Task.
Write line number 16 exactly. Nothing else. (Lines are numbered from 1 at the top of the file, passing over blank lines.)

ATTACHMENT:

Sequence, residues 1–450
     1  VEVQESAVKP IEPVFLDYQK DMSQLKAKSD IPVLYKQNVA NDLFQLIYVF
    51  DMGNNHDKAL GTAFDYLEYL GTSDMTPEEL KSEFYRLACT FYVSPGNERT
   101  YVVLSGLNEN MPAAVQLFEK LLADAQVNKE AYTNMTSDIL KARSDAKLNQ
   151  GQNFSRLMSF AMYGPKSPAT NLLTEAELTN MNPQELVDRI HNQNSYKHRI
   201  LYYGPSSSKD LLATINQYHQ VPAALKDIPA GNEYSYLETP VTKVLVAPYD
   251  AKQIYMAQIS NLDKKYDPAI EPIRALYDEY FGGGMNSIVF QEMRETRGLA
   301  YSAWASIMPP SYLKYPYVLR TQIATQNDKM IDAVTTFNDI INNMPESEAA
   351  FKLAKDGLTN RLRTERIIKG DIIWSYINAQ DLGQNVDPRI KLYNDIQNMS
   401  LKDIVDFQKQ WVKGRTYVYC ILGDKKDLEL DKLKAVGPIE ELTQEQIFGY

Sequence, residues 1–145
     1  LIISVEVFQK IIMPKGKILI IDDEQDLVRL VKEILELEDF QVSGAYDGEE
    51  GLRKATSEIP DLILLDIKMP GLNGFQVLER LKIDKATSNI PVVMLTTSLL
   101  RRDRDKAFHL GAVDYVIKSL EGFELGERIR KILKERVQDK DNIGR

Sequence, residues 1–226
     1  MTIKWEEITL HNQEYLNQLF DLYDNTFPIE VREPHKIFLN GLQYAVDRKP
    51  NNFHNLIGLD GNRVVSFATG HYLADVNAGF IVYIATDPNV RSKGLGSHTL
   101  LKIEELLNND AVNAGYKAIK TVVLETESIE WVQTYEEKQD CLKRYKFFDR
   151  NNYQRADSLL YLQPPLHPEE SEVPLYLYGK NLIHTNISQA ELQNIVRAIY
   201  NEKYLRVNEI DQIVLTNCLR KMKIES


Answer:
     1  MTIKWEEITL HNQEYLNQLF DLYDNTFPIE VREPHKIFLN GLQYAVDRKP